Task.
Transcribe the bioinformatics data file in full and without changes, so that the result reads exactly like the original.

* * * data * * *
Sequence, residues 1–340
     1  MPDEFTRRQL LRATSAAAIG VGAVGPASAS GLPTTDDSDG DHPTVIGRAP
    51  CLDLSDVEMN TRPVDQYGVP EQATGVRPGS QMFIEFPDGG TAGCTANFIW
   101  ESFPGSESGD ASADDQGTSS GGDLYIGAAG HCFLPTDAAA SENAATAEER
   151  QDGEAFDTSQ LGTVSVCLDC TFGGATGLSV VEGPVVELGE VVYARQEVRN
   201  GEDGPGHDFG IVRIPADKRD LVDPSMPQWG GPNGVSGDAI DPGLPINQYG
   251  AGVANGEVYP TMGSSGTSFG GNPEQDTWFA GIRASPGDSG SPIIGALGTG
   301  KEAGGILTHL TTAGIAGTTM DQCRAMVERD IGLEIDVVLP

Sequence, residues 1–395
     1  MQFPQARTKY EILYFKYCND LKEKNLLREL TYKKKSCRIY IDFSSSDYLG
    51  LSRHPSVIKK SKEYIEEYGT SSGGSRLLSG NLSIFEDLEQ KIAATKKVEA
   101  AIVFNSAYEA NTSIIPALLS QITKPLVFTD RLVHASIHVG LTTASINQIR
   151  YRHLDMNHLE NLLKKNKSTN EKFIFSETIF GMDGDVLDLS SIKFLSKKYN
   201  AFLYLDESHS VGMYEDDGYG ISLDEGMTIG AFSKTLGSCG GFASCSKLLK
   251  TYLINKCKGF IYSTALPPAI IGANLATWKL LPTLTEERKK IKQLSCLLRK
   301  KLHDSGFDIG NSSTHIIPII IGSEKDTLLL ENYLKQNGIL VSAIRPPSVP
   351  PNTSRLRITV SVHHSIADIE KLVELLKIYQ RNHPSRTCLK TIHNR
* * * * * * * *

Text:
Sequence, residues 1–340
     1  MPDEFTRRQL LRATSAAAIG VGAVGPASAS GLPTTDDSDG DHPTVIGRAP
    51  CLDLSDVEMN TRPVDQYGVP EQATGVRPGS QMFIEFPDGG TAGCTANFIW
   101  ESFPGSESGD ASADDQGTSS GGDLYIGAAG HCFLPTDAAA SENAATAEER
   151  QDGEAFDTSQ LGTVSVCLDC TFGGATGLSV VEGPVVELGE VVYARQEVRN
   201  GEDGPGHDFG IVRIPADKRD LVDPSMPQWG GPNGVSGDAI DPGLPINQYG
   251  AGVANGEVYP TMGSSGTSFG GNPEQDTWFA GIRASPGDSG SPIIGALGTG
   301  KEAGGILTHL TTAGIAGTTM DQCRAMVERD IGLEIDVVLP

Sequence, residues 1–395
     1  MQFPQARTKY EILYFKYCND LKEKNLLREL TYKKKSCRIY IDFSSSDYLG
    51  LSRHPSVIKK SKEYIEEYGT SSGGSRLLSG NLSIFEDLEQ KIAATKKVEA
   101  AIVFNSAYEA NTSIIPALLS QITKPLVFTD RLVHASIHVG LTTASINQIR
   151  YRHLDMNHLE NLLKKNKSTN EKFIFSETIF GMDGDVLDLS SIKFLSKKYN
   201  AFLYLDESHS VGMYEDDGYG ISLDEGMTIG AFSKTLGSCG GFASCSKLLK
   251  TYLINKCKGF IYSTALPPAI IGANLATWKL LPTLTEERKK IKQLSCLLRK
   301  KLHDSGFDIG NSSTHIIPII IGSEKDTLLL ENYLKQNGIL VSAIRPPSVP
   351  PNTSRLRITV SVHHSIADIE KLVELLKIYQ RNHPSRTCLK TIHNR